Government Needs to Play Catch Up in Hiring

The US Federal Government is about to undertake one of the largest hiring initiatives in its history.

According to the Wall Street Journal, over the next three years, the government will attempt to attract nearly 270,000 talented specialists in various fields across the board, including the health, financial and administrative sectors. The difference between this government hiring initiative and the recruiting processes of old, is this time Uncle Sam will be actively seeking qualified candidates instead of passively sitting on his laurels.

What has prompted this large scale hiring campaign? One factor is certainly Mr. Obama's ambitions to take on such looming problems like health care reform and the economic downturn. And what better way is there to combat long-term problems than to get the younger generation's brighest minds involved? How else can we expect to positively affect the future of our government than to actively seek the best talent for the jobs of the future?

In order for this massive job overhaul to occur successfully, our government will need to implement some much needed change to its hiring process. 'They' are already on their way to cleaning out some dusty corners, but just to make it clear, I've listed two points that can help us move toward a new breed of government hiring.


The brand marketing of the various government sectors seeking qualified candidates will be integral to attracting talent. We don't often hear about 'branding' in reference to government work (outside of the military). When the younger generation thinks about a federal employee, they most often picture a white-collar bloke sitting in a musty office with no windows, slowly filing through a stack of paperwork.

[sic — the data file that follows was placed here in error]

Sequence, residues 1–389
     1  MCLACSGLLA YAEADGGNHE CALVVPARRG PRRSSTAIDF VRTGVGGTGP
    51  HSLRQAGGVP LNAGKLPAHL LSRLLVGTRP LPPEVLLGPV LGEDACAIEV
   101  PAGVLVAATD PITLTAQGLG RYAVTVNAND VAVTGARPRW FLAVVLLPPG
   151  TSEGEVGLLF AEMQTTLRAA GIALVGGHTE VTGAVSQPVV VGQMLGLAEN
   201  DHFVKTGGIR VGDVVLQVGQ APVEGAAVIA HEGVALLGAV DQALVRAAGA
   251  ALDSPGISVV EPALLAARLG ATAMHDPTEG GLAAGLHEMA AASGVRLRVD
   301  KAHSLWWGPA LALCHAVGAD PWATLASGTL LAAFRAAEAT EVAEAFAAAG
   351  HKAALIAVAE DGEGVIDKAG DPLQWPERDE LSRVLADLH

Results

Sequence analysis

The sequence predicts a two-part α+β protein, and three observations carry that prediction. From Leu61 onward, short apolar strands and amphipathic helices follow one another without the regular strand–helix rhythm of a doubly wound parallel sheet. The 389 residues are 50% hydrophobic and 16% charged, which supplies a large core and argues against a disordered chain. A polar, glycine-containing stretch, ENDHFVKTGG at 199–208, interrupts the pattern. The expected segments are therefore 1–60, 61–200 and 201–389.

The bad stigma that goes along with federal jobs is a major hurdle that the government needs to overcome in order to compete with the private sector for the best talent. Why was working at Google such a hot commodity at the start of the decade? Company branding: they were known for a laid back work 'campus,' rife with badminton courts, plush bean bag chairs and organic gardens. Today, many other companies looking to attract younger talent have also implemented the 'Google Campus Model.'

Our government needs to concentrate on marketing to a new generation of talent. Good benefits and patriotism are not currently enough to compete with the private sector.


Sure, the US government is known for some of the most innovative, expensive and mind blowing technologies the world has ever seen. But when it comes to a new generation of internet tech, they are still playing catch up. The Obama administration has certainly made big steps between its acceptance of social networking tools and the current planned overhaul of .gov portals, however it needs to concentrate on other specific tools that are giving the private sector a big advantage in talent acquisition.

New applicant tracking and hiring software solutions are allowing private companies to better announce job openings, track qualified candidates, and analyze source data to optimize the recruiting process. If the government really wants to compete with the private sector for top talent, they will need to embrace the technologies currently utilized in the private sector.

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